- We’re publishing the Widely Viewed Content Report for the third quarter of 2021 to highlight the most viewed organic content in News Feed, which includes posts about people’s favorite movies and Pages dedicated to personal interests.
- We’ll continue to meet with academics and experts to discuss these reports in detail and consider their input when exploring product changes tied to this work.
Today we’re publishing the Widely Viewed Content Report (WVCR) for the third quarter of 2021. This is the second edition of this report, which highlights the most viewed organic content in News Feed, including domains, links, Pages and posts in the US. This report includes content recommended by Facebook and excludes advertising content. Read more about its scope and methodology in our Companion Guide.
There’s been a lot written about polarizing content dominating News Feed, so this report sheds more light on the types of content that reaches the most people, which includes posts about people’s favorite movies and Pages dedicated to entertainment, cooking and family. Still, these reports have highlighted gaps in our enforcements and demotions, which we’re taking immediate steps to address.
Updates Since the Q2 Report
Since releasing our inaugural WVCR, we have engaged with academics, civil society groups and researchers to identify the parts of our first report they found most valuable, which metrics needed more context and how we can best support their understanding of content distribution on Facebook. Based on these discussions, we’ve provided more clarity into our methodology and included more context in the Companion Guide. Moving forward, we’ll continue to work with external stakeholders to refine and improve these reports.
Removing Violating Content
We remove content from Facebook when it poses a real risk of harm, like graphic violence, hate speech or fake COVID cures. Our Community Standards prohibit hateful or harmful content, and we invest heavily in developing ways of identifying it and acting on it quickly. Learnings from our first WVCR have led to better applications and development of existing policies, including the removal of a network of more than a hundred Pages, profiles and domains for inauthentic behavior.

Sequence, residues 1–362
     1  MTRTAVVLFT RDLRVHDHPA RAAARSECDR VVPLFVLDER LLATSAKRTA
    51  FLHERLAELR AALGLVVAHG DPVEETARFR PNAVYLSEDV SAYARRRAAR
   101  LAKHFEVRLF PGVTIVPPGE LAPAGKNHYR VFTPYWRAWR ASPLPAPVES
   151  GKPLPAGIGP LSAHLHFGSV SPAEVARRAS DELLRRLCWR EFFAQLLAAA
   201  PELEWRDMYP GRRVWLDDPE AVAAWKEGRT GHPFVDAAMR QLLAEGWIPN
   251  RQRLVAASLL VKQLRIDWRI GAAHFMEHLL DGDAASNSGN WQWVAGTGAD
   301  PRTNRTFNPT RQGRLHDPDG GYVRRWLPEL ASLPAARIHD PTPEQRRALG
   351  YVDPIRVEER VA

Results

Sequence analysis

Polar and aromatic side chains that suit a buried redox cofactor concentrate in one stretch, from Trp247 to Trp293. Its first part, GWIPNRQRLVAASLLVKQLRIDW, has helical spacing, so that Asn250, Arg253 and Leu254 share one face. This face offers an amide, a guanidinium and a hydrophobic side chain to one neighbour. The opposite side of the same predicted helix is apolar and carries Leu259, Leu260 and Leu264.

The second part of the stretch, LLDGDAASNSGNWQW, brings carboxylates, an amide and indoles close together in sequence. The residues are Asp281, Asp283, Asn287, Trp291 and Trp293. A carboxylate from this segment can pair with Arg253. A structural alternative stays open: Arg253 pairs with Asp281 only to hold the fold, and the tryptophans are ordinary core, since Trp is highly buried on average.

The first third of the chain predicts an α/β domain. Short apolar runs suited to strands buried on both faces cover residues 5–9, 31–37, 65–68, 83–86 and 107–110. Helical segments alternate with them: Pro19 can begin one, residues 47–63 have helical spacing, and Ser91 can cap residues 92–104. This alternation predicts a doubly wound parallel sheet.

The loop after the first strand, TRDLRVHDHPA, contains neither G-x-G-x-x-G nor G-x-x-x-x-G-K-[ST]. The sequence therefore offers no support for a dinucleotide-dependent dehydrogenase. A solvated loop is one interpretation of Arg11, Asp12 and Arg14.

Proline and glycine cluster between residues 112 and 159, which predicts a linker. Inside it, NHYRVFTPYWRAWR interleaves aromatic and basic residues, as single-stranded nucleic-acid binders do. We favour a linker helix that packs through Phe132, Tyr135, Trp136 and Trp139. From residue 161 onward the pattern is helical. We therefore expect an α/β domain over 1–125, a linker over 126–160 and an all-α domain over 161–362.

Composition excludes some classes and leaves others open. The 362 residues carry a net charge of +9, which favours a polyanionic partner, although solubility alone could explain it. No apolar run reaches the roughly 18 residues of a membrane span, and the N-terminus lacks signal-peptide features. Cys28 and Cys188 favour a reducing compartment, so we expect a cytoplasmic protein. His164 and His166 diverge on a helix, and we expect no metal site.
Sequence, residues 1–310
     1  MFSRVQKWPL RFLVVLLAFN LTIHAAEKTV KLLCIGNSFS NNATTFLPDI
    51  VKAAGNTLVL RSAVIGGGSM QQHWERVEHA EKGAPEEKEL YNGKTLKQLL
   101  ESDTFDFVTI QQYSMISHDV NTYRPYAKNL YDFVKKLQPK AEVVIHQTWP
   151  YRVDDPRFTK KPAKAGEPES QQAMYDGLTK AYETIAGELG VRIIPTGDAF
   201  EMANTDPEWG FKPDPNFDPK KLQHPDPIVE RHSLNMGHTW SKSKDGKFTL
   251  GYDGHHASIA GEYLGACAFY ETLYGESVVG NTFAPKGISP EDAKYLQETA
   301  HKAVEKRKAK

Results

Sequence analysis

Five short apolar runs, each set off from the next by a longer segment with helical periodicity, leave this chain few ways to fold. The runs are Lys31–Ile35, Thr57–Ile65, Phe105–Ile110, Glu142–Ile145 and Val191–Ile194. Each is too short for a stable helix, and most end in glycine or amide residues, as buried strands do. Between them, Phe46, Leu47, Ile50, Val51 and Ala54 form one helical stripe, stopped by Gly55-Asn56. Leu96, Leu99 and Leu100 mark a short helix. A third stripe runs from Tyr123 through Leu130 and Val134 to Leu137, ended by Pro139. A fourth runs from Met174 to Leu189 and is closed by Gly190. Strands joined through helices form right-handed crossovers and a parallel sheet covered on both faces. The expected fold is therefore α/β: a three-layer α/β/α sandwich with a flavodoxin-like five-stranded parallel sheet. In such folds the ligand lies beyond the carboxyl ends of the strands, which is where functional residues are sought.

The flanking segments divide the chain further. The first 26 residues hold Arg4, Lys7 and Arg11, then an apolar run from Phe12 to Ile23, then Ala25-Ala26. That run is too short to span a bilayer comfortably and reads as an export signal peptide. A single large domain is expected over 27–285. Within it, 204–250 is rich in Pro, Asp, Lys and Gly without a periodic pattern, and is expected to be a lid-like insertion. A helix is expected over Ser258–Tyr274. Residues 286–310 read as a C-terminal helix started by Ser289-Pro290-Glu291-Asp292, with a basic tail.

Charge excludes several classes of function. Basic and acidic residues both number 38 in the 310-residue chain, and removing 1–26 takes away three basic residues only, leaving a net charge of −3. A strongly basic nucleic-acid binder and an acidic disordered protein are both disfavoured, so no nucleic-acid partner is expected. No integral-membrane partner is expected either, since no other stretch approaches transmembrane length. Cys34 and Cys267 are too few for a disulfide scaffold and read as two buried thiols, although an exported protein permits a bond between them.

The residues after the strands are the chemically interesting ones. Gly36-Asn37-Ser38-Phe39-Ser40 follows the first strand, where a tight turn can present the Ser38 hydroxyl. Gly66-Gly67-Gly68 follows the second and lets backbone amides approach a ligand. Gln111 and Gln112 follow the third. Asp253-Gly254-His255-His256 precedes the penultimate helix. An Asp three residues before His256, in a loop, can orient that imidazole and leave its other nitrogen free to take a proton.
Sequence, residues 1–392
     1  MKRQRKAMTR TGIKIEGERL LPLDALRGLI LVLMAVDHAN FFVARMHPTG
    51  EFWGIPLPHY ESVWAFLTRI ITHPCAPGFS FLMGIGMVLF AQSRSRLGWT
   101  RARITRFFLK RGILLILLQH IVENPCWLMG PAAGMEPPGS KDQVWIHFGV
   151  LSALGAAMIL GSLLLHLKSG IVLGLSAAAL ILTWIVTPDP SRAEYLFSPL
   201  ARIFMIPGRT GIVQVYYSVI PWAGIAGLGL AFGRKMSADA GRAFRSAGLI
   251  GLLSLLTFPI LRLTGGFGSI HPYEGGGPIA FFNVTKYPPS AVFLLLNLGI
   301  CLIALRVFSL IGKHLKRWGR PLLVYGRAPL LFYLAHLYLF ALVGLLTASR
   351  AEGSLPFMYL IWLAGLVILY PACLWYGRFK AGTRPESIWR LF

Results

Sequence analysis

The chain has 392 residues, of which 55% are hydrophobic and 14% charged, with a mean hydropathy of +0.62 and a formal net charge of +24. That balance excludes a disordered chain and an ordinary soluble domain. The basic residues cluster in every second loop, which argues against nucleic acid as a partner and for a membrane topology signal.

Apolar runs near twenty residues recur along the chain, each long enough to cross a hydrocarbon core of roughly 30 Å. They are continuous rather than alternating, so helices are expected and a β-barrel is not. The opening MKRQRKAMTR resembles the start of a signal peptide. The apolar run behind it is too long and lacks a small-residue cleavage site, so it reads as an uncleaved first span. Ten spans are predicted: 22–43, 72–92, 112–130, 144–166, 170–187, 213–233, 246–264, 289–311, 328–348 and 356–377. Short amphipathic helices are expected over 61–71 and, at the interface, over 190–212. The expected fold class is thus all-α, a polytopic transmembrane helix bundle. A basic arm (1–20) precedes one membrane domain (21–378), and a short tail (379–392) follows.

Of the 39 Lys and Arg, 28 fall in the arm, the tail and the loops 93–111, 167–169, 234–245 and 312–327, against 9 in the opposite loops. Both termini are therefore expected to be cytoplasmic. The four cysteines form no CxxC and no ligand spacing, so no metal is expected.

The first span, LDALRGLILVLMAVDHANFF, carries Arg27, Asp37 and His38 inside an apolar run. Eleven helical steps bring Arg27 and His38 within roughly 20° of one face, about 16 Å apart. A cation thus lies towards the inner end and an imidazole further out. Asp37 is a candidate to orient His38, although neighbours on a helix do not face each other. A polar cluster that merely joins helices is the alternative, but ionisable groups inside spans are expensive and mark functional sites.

Reducing Low-Quality Content
We also use News Feed ranking to reduce the distribution of posts that may contain content people find objectionable, but don’t necessarily meet the bar of removal under our policies. In creating these reports, we learned that our efforts to reduce engagement bait and low quality content needed to be refined to address more of it, which has led to changes in how we identify and reduce it. For example, we’re expanding our engagement bait identifiers, evaluating the impact that comments from friends can have on showing unconnected posts in News Feed, and experimenting with reducing that impact. We’re also exploring new experiments to reduce posts with unrelated links. We anticipate that these changes may lead to a reduction of low-quality content in future reports; however, it may take several reporting cycles for our reduction efforts to make a noticeable impact.
Ongoing Work and Transparency
We are committed to sharing more about the changes we’re making based on what we’ve learned from the WVCR. We will also continue to meet with academics and experts to discuss these reports in detail and consider their input when exploring new tests or product changes tied to this work.